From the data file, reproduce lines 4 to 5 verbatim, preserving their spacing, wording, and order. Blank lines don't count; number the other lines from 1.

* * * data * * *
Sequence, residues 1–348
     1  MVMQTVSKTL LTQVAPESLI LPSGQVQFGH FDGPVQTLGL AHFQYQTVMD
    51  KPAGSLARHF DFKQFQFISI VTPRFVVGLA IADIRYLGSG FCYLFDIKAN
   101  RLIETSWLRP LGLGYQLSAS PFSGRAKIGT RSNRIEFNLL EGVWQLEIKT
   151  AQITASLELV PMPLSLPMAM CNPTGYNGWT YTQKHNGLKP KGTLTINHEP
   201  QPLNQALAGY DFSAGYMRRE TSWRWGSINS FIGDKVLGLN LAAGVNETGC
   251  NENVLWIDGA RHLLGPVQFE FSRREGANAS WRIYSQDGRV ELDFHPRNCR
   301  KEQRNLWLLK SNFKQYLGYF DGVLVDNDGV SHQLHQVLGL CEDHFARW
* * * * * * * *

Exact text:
   101  RLIETSWLRP LGLGYQLSAS PFSGRAKIGT RSNRIEFNLL EGVWQLEIKT
   151  AQITASLELV PMPLSLPMAM CNPTGYNGWT YTQKHNGLKP KGTLTINHEP